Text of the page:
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...more about Self Carriage and Roundness

Updated: Feb 5, 2023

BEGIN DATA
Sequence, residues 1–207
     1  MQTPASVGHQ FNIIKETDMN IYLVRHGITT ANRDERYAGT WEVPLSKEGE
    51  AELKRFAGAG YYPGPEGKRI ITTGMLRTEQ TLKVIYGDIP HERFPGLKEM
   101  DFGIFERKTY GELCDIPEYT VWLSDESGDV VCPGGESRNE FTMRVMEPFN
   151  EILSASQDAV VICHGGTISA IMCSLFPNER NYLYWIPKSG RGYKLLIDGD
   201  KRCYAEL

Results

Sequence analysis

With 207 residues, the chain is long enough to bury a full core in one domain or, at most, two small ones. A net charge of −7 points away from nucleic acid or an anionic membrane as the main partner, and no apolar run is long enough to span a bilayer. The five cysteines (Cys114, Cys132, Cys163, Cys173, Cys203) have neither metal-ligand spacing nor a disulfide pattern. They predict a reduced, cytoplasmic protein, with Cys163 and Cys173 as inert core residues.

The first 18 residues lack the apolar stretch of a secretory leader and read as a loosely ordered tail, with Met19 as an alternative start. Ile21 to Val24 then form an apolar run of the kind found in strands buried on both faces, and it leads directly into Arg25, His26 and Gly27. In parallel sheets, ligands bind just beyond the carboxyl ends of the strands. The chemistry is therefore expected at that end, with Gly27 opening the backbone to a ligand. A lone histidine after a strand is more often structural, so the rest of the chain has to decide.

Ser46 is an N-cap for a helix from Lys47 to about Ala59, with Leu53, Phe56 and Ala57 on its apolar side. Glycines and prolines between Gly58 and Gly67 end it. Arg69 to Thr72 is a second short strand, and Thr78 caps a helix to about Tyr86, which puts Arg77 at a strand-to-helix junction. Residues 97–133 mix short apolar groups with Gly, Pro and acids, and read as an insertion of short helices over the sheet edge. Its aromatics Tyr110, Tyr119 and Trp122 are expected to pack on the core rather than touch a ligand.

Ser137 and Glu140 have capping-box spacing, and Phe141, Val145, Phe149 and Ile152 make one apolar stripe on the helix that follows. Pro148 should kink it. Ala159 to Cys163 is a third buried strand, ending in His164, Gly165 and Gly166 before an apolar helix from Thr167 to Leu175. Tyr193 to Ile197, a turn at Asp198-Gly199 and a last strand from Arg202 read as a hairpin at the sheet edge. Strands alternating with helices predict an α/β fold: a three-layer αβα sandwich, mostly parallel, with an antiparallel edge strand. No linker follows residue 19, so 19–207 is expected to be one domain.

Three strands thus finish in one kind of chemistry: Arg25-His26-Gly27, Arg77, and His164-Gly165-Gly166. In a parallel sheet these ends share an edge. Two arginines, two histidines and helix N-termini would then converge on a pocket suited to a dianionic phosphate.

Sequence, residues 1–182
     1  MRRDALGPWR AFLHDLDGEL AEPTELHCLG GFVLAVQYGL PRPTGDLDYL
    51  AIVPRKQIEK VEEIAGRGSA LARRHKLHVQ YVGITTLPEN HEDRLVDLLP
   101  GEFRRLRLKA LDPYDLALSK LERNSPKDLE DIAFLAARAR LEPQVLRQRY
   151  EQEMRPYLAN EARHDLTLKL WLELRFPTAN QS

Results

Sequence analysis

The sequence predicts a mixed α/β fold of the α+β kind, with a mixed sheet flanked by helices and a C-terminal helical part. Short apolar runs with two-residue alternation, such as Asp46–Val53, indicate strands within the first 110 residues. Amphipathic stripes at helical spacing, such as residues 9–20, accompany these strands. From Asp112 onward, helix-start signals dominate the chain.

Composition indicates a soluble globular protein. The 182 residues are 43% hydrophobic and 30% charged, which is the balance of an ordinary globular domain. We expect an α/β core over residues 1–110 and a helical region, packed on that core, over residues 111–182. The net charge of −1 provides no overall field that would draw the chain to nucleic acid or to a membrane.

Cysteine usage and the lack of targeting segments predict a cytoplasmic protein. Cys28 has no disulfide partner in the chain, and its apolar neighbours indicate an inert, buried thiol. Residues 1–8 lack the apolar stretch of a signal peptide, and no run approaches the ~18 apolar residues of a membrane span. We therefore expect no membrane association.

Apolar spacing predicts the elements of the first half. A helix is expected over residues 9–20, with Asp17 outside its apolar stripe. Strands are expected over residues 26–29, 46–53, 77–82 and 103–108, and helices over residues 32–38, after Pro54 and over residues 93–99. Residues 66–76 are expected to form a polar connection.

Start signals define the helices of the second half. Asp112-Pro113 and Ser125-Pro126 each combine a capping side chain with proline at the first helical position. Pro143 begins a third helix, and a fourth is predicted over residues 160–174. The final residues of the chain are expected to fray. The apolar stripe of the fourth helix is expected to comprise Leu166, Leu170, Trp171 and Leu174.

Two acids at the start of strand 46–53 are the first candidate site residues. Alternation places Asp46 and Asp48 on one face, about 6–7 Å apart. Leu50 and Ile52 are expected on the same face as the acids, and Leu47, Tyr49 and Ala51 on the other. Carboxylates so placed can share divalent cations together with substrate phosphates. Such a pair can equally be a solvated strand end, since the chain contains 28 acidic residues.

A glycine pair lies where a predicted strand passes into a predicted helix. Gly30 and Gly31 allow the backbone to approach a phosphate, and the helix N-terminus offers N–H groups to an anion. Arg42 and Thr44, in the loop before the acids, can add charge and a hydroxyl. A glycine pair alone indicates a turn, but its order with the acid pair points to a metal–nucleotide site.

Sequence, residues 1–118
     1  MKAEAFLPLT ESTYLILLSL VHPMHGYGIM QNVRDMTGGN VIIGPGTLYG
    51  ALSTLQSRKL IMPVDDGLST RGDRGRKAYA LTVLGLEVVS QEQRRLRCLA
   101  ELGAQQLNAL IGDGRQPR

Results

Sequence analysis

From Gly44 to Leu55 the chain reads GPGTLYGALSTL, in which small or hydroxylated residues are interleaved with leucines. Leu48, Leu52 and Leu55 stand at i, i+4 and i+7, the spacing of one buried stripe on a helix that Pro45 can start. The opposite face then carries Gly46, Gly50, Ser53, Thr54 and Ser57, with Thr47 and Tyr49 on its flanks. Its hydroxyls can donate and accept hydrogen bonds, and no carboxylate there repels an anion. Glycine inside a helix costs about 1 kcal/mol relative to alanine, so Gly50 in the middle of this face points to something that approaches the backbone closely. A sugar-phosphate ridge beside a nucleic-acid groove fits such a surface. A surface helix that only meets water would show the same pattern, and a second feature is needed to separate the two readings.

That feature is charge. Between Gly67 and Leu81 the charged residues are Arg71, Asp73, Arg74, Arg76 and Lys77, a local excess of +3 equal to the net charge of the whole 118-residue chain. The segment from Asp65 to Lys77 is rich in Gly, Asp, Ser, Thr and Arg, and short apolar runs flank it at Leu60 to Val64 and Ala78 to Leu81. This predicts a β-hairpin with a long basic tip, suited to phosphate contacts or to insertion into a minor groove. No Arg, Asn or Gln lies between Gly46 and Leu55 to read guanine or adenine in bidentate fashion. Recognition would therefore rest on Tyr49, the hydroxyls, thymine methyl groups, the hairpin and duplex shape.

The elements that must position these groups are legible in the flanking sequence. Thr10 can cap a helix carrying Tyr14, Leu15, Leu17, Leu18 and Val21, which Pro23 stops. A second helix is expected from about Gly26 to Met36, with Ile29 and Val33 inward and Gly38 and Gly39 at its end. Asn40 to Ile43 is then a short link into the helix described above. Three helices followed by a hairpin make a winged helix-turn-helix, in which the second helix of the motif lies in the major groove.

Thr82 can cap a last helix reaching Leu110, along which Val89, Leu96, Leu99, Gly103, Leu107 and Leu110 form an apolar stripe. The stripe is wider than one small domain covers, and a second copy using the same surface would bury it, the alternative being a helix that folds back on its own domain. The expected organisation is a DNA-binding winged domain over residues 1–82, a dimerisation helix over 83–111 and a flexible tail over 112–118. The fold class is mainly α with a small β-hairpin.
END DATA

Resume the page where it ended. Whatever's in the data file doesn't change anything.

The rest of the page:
To date, there is a lot of confusion on the riders behalf about what the two concepts here, roundness and self carriage, actually mean. Being able to correctly define Self Carriage is now one of the requirements whilst completing pony club certificates in Australia. In this post, I'll try to clarify what the true meaning of these two concepts are. About Self carriage: Definition: Horse maintains its own tempo ( speed ) directional line & postural outline, without support from a rider. "Without support from the rider" being the keywords here. Roundness: the overall shape that develops as a result of correct & systematic training ( training scale ), over a period of time. About roundness: Roundness refers to the arched head, neck and apparently rounded body posture acquired by the horse in correct dressage training. It's characterised by self carriage, where the horse has learned to persist in his speed, directional line, and head, neck and body posture without support from the rider. Roundness is however a frequently forced response where the rider increases tension on the reins until the horse shortens its neck, or uses concurrent rein tension and leg pressures to "drive the horse onto the bit". Although this is contrary to practices of classical and ethical dressage, it provides the illusion of roundness and collection and is known as false collection. However, dressage experts, experienced coaches and trainers can readily perceive the incorrect outline, where the neck is shortened and the back is hollow. The result - riders tight control on the reins to maintain this posture will lead to incorrect neck and back muscles involved are preventing correct development of the topline. There are a number of significant welfare issues surrounding this type of training which manifests in a range of problems from tension to conflict behaviours. Sadly, the origin of these behaviours often goes unrecognised, even by experienced riders and some coaches. More on the subject @ www.equineawareness.com.au / blog

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